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Thinking Out Loud

Thomas Merton and the Passion of God

by Michael Jinkins | Mar 31, 2017

Editor's note: Periodically throughout the 2016-2017 academic year, "Thinking Out Loud" readers will receive blog posts that explore concepts of spirituality as they relate to the writings and teachings of Thomas Merton. We hope you enjoy this special series of "Thinking Out Loud." E-mail us!

Merton CornerI suspect that few of us even blink when we hear the word "passion" applied to God. Certainly we take it for granted that the last days of Jesus' life, culminating in his crucifixion, are called his "passion." Blink we should, however, and stammer, and stand amazed in slack-jawed wonder at the God to whom we attribute "passion."

When we apply the word "passion" to God, and to God incarnate, we are leaping a boundary that proved unscalable to many in the early church. Many early Christians could not imagine a God who really suffers. Make no mistake about it, the word "passion" in English, which we use to speak of Jesus' last days on Earth, derives from the Latin passio meaning "suffering" (from patior, "to suffer") and not from the Greek pascha which means "passover."* (The Greek equivalent for "passion," incidentally, is pathos.) The passion of the Christ is the suffering of the Christ.

While many in the early church struggled with the idea that God almighty and eternal could suffer and change and decompose (in contrast to the conception of divine immutability, which staunchly held that God cannot change, that God cannot experience corruption, or fall victim to those human experiences that entail suffering), and while some early Christians, such as the docetic gnostics, were so opposed to this idea of divine suffering that they argued that Christ's "divinity" was only apparent, Christian orthodoxy has believed in the irresolvable tension that the eternal and everlasting God beyond all human conception is known fully in Jesus Christ who is co-eternally God of God, true God of true God, begotten not made. This orthodoxy was exemplified in the twentieth century by Reformed theologian Karl Barth who, in his own inimitable manner, wrote:

"God requires no exclusion of humanity, no non-humanity, not to speak of inhumanity, in order to be truly God. But we may and must, however, look further and recognize the fact that actually [God's] deity encloses humanity in itself." [Karl Barth, The Humanity of God (Westminster John Knox Press, 1960), p. 50.]

Barth's assertion that God's deity "encloses humanity in itself" reverses the approach to God which sometimes has held sway in the church's long history (and caused so much heartburn, from the early docetics through some adherents to the Westminster Confession) by which we conjure up the attributes of an eternal God and then try to fit the new wine of the incarnation into that old wine skin. Thus, we trap ourselves by defining God according to strange Hellenistic philosophical formulae like "omnipresence," or "omnipotence," or "omniscience" and then try (with considerable difficulty) to combine the biblical portrait of the passionate, living God with these abstract ideas. Instead, with Barth, we begin with the new wine, Jesus Christ as the full revelation of who God is, and rethink all of our notions about God in light of the God we have met in this human being, Jesus of Nazareth.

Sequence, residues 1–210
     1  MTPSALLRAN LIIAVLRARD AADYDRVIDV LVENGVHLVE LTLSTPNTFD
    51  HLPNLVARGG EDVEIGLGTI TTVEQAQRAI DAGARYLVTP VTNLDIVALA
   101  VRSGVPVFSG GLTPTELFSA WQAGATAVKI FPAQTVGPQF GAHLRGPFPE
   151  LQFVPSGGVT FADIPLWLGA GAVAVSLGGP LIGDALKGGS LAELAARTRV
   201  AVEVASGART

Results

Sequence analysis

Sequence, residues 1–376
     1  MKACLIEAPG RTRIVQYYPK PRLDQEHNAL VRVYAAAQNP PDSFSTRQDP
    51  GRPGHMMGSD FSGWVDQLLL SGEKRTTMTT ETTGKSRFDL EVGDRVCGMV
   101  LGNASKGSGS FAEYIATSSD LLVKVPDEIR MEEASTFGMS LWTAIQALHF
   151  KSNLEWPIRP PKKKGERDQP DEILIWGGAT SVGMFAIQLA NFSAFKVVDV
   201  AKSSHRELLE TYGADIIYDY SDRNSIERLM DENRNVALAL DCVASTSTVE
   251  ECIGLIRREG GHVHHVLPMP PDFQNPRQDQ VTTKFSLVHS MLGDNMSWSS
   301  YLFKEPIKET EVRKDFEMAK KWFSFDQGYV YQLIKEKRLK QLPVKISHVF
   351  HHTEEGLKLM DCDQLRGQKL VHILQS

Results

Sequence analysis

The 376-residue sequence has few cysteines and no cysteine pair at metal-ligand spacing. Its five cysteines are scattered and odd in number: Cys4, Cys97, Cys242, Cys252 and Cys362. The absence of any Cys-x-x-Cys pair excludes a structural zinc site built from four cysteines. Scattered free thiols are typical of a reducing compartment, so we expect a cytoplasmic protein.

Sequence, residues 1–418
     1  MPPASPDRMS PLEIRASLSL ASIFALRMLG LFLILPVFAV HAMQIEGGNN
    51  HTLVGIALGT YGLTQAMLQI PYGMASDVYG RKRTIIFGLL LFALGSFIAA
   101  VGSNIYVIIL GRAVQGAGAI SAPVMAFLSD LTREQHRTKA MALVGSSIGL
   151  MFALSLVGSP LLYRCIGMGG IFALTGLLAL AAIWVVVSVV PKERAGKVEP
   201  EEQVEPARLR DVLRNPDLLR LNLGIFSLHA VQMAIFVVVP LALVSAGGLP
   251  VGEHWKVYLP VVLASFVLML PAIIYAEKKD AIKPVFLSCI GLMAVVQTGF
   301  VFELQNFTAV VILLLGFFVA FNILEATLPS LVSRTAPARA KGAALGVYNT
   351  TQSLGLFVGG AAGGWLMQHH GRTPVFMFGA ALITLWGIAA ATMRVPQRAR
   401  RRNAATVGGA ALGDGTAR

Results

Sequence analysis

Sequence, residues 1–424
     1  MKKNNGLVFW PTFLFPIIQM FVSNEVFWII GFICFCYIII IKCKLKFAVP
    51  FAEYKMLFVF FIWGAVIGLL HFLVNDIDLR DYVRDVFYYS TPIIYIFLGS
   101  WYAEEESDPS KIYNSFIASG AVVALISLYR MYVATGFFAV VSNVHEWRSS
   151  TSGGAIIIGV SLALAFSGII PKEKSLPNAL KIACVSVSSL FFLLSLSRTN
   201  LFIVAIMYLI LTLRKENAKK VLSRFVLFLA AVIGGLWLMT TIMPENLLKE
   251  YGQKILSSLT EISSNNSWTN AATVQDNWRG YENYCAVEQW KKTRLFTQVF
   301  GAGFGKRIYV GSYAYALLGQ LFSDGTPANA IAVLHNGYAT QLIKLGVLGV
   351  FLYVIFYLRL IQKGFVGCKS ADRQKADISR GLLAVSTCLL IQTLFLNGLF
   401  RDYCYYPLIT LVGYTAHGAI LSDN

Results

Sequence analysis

When Barth's monograph The Humanity of God, in which this idea was so powerfully expressed, was published, it became clear that Barth's mind had continued to change throughout his life, that he really was committed, as he had claimed, to beginning the theological enterprise again and again each day by taking the name of Jesus Christ as his starting point. Barth makes manifest in this essay his willingness to keep following Christ with his mind, even when following Christ took him along paths that required considerable imagination. But even Barth could not have imagined the paths Thomas Merton would take in following Christ.

Among the experiences in Merton's pilgrimage that best exemplify this fact is one that occurred one morning in 1958 at a street corner in downtown Louisville, Kentucky. He famously remembered this experience:

"Yesterday, in Louisville, at the corner of 4th and Walnut [now Muhammed Ali Boulevard], suddenly realized that I loved all the people and that none of them were or could be, totally alien to me. As if waking from a dream - the dream of my separateness, of the 'special' vocation to be different. My vocation does not really make me different from the rest of [people] or put me in a special category except artificially, juridically. I am still a member of the human race - and what more glorious destiny is there for [person], since the Word was made flesh and became, too, a member of the Human Race!